Elsevier gets FDA backing for ‘predictive toxicology’ project
Medical publisher Elsevier is working on an algorithm that it hopes will spot the potential for liver toxicity in new drug candidates as early as possible in their development.
Working with the FDA, Elsevier is working on a predictive tool that will look for signals that might suggest drug-induced liver injury (DILI) in experimental medicines that are still in preclinical development, before they are given to humans in clinical trials.
DILI is a major cause of failures in both the preclinical and clinical phases of drug development, and there has been a concerted effort to try find ways to identify it early on using lab techniques like high-content screening (HCS) assays and ‘rule of two’ (RO2) testing – a predictive technique that looks at dosing and how lipophilic a compound is.
Elsevier intends to draw on preclinical and RO2 data from the literature and summaries of FDA and EMA approval documents that are collected in its PharmaPendium database to develop the algorithm.
The DILI algorithm could be used to assess liver toxicity risk in the preclinical phase of drug development, as well as by the FDA when issues arise during various stages of the regulatory review process, it suggests.
An analysis of more than 500 product withdrawals revealed that more than a fifth (21%) of drugs withdrawn due to toxicity involved the liver, making DILI the leading cause of product withdrawals.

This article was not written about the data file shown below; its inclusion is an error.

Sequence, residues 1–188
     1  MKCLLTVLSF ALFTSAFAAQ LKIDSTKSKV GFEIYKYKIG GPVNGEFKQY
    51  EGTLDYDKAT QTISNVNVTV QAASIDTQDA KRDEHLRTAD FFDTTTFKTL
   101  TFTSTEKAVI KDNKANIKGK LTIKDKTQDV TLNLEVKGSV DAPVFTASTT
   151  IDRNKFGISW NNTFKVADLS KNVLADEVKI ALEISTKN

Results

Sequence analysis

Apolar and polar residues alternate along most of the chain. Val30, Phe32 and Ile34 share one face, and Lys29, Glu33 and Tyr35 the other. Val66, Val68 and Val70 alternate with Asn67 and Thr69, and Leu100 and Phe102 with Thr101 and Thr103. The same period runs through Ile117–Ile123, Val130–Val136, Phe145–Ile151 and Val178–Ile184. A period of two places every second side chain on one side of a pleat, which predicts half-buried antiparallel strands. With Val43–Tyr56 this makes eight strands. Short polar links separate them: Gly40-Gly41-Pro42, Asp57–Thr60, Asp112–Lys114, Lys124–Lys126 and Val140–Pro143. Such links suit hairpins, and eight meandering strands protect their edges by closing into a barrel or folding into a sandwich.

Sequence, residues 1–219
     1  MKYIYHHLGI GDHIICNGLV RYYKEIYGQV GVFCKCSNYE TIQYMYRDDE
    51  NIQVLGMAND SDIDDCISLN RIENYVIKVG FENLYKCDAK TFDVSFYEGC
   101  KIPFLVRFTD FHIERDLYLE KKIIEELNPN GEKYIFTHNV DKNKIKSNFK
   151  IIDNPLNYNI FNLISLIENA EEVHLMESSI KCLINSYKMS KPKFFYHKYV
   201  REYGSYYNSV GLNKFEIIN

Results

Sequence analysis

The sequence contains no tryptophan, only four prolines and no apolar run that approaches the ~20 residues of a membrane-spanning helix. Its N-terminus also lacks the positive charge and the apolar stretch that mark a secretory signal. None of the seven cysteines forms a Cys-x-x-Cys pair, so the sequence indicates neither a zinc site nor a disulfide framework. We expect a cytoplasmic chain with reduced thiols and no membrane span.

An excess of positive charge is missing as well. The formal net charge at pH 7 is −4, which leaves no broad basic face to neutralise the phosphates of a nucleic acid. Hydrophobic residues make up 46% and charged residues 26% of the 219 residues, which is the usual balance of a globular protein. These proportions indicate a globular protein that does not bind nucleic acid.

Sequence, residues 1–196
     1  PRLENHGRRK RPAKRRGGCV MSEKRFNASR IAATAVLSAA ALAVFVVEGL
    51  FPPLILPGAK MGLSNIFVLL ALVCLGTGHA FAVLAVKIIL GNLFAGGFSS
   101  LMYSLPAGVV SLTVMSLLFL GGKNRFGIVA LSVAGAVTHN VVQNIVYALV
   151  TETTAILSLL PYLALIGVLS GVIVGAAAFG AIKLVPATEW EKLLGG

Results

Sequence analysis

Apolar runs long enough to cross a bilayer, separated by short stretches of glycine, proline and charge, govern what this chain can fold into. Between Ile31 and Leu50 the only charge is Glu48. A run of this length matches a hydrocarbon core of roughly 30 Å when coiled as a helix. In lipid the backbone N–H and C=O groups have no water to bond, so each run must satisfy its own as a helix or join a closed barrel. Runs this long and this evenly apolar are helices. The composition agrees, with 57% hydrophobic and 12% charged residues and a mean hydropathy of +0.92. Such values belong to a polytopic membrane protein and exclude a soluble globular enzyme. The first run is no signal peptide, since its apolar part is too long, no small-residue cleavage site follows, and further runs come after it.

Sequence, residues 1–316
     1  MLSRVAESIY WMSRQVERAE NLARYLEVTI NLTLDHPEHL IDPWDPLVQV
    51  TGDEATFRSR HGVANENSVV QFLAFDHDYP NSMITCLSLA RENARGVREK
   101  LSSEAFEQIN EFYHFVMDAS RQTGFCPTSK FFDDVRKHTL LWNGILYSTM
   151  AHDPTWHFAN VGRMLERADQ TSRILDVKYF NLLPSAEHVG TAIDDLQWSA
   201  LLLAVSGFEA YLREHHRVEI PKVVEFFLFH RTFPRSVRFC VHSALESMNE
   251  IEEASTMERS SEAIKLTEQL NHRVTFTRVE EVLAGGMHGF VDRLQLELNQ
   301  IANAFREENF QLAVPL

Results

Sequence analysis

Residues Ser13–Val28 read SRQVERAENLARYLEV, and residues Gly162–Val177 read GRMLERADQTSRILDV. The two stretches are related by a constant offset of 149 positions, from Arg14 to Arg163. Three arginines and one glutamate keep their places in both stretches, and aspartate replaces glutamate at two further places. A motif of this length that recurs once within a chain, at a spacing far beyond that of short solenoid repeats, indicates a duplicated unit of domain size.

Liver toxicity is also a major stumbling block for new molecular entities, particularly in cancer where patients are often treated with multiple drugs, says the company.
For example, liver toxicity is seen in around a third of patients treated with kinase inhibitor drugs like Novartis’ Votrient (pazopanib), Pfizer’s Sutent (sunitinib) and Stivarga (regorafenib) – and in some cases can prove fatal.
Liver damage is also seen in around 10% of patients treated with checkpoint inhibitors, notably Bristol-Myers Squibb’s CTLA4 inhibitor Yervoy (ipilimumab).
“The predictive toxicology space is becoming a growing area of interest as we seek to understand how to improve clinical outcomes without risking the safety of patients,” said Guenther Kurapkat, head of Elsevier’s life science solutions unit.
The project with the FDA “paves a path forward for future projects that seek to address key pain points for the industry, which continues to be challenged with rising R&D costs and low success rates,” he added.
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